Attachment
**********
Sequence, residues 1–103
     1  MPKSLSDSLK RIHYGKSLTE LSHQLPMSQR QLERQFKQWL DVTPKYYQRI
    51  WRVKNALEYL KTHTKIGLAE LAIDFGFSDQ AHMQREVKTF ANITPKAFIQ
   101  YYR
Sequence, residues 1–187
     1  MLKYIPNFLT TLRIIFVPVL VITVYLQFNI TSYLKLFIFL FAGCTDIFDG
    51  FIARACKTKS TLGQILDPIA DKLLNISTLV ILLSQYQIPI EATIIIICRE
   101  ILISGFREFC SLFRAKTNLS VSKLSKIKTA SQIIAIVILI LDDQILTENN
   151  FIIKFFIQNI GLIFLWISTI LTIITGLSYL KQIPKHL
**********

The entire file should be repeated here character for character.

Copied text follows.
Sequence, residues 1–103
     1  MPKSLSDSLK RIHYGKSLTE LSHQLPMSQR QLERQFKQWL DVTPKYYQRI
    51  WRVKNALEYL KTHTKIGLAE LAIDFGFSDQ AHMQREVKTF ANITPKAFIQ
   101  YYR
Sequence, residues 1–187
     1  MLKYIPNFLT TLRIIFVPVL VITVYLQFNI TSYLKLFIFL FAGCTDIFDG
    51  FIARACKTKS TLGQILDPIA DKLLNISTLV ILLSQYQIPI EATIIIICRE
   101  ILISGFREFC SLFRAKTNLS VSKLSKIKTA SQIIAIVILI LDDQILTENN
   151  FIIKFFIQNI GLIFLWISTI LTIITGLSYL KQIPKHL